Hot off my last review of Saitek’s Pro Flight Instrument Panel, I took a look at their Pro Flight Radio Panel. While gauges are fine and good, at some point you are going to need to communicate with the ground to do such important tasks as check request a flight following, acknowledge nearby traffic, or even something as simple as put in a request to taxi to the runway.
Microsoft’s Flight Simulator series has never been great at giving the player the ability to change their multiple frequencies. Usually I pause the game and fiddle with the mouse cursor, which acts my pilot’s ‘virtual hand’, to adjust the small and large increments to get them just right. This is just not fun and it generally ends with me doing auto-station flips via the on-screen ATC communication menu.
I can safely say that my radio issues have crashed and burned thanks to the new Pro Flight Radio Panel. In this peripheral, Saitek has designed a very good recreation of the basic radio stack found in civil aircraft. It features four bright LED readouts in the center of the panel as well as two heavy-duty mode select knobs on the left of the unit. To the right side of the radio panel you will find the macro and micro-adjustment knobs and standby buttons. The construction of the frame is in keeping with all of the Saitek Pro Flight panels and is a heavy-duty black plastic.
Its mounting frame which gets screwed into other Pro Flight peripherals (most likely the Pro Flight Yoke) is still a bit flimsier than I would like to see but it doesn’t get too much in the way. Using the Radio Panel is very simple. After mounting the unit where you like, simply install the included software and you will be all-set to use it in FSX (Microsoft’s Flight Simulator X). It is really that easy to get up and running.
Loading up FSX, I start on the parking area at KRAL (Riverside Municipal – my hometown’s airfield). I then bring the map and begin to plan my flight. For today’s excursion I plan on arriving at Orange County’s John Wayne-Airport (SNA). Its a short flight and going by visual flight rules I don’t expect any real delays or problems. Clicking on the two airports I write down both their control tower and ground frequencies. My short-range setup is to have my departure airfield as COM1 and arrival airfield as COM2. Manipulating the dials on the right of the top panel, with the left knob selecting ‘COM1’, I reach KRAL’s ground channel and hit the ‘standby’ button, which switches the ‘active’ and ‘standby’ frequencies with the other. This system allows you to setup a frequency in-flight, if you like, before you actually need to switch over to it. So with KRAL’s ground frequency as the active one and its tower frequency in the standby position, COM1 is all setup. I follow the same algorithm to setup COM2 with SNA’s ground and tower frequencies.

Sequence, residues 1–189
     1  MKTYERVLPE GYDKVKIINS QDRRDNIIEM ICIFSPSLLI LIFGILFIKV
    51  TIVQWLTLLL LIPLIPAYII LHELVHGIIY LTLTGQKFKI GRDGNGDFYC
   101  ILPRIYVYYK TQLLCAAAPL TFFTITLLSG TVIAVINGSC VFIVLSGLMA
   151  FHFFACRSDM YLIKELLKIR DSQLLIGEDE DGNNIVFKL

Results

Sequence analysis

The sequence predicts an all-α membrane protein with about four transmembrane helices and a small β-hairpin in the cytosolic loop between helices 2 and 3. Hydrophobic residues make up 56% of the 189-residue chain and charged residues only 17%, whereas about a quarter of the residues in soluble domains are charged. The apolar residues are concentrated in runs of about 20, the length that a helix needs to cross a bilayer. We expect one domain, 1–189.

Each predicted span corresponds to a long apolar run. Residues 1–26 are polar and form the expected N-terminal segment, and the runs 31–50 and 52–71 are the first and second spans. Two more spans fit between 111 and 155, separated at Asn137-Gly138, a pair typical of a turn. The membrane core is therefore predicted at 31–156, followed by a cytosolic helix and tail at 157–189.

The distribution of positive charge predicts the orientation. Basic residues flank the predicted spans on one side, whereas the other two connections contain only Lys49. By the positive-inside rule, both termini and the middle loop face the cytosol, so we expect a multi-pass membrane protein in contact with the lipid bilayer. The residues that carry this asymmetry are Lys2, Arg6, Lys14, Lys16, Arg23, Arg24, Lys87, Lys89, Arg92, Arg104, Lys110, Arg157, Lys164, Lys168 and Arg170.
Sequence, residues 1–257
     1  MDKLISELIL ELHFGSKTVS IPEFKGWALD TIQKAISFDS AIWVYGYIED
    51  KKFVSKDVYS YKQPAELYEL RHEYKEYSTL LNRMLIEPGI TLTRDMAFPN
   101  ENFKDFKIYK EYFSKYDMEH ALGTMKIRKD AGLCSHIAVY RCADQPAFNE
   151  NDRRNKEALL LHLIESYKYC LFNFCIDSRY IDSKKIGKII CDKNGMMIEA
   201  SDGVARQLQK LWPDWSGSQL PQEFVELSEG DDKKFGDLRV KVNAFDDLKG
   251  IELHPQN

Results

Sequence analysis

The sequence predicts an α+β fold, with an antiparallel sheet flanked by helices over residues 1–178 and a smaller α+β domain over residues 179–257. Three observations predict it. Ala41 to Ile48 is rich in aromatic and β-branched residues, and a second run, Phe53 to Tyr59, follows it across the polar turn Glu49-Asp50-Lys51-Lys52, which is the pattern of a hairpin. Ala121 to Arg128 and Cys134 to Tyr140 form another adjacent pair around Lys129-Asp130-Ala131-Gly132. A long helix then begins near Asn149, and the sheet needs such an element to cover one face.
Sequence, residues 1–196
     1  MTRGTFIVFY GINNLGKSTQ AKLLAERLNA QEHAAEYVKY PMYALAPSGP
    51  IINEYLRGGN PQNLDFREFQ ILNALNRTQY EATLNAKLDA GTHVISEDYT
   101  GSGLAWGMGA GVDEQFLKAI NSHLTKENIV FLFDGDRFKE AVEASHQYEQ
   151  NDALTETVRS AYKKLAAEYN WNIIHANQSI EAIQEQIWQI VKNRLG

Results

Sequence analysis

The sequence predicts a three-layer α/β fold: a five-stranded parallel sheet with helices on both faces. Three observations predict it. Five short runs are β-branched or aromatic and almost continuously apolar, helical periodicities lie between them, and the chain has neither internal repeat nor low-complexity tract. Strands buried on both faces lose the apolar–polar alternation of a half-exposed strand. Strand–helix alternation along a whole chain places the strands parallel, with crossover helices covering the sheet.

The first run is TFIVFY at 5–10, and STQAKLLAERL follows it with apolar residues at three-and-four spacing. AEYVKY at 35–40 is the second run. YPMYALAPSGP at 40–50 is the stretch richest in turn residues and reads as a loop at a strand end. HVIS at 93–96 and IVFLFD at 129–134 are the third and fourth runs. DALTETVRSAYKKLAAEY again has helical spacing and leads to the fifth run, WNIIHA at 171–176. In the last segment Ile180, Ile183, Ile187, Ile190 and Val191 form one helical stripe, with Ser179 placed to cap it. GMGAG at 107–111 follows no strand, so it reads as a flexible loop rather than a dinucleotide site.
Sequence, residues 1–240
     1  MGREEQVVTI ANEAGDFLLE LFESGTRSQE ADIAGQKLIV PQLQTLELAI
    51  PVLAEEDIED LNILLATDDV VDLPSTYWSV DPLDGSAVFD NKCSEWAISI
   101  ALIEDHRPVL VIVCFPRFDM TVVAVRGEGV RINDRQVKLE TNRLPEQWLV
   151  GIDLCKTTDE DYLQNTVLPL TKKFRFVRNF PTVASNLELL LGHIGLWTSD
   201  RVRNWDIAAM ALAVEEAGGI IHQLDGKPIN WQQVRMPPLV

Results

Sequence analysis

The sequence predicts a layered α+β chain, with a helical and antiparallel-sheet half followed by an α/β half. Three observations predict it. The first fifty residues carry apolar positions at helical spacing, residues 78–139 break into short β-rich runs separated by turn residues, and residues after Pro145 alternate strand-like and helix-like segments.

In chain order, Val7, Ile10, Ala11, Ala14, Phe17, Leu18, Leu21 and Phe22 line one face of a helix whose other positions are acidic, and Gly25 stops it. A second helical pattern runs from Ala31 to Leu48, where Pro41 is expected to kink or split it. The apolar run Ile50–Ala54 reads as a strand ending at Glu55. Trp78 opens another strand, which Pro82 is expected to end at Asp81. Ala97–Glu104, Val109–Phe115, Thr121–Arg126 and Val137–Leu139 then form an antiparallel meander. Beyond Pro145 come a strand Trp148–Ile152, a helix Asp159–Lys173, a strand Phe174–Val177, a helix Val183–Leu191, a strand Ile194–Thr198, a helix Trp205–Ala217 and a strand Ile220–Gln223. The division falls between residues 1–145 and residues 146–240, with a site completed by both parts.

Thankfully, the Radio Panel is responsible for a whole lot more than just your COM channels. You can also setup your NAV frequencies in the same manner! In addition, Saitek has had the forethought to add additional modes like your transponder frequency as well as DME and ADF frequencies – very vital things to have so handy in navigation.
The added-convenience and tactile-feedback provided by this panel is incredible. In the image below, you can see the radio panel glowing in all its glory in lower-light conditions.
The worst issue with the Radio Panel is that even though the frequency adjustment knobs have detents built-in to give you tactile feedback when turning them, they do not always match up to the frequencies. Sometimes, you will find that you hit the frequency you are looking for in-between knob detents, forcing you to wiggle the metal control a bit until it aligns correctly.
While some would argue that the Radio Panel’s $149 dollar price point is expensive, I would say that when you look at other panels of the same function you are actually saving money by using the Saitek model in your home cockpit. GoFlight sells a larger panel of similar function and it retails for over a thousand dollars. While it is of more realistic construction than the Pro Flight Radio Panel, for the average virtual pilot you are getting a whole lot more out of your dollar with Saitek’s peripheral.
Overall, the Saitek Pro Flight Radio Panel is an excellent addition to the Saitek Pro Flight range and to your home ‘pit. It provides a ton of convenience in giving you easy-to-access radio frequencies as well as provides a new level of realism in your home cockpit with its crisp LEDs and tactile feedback.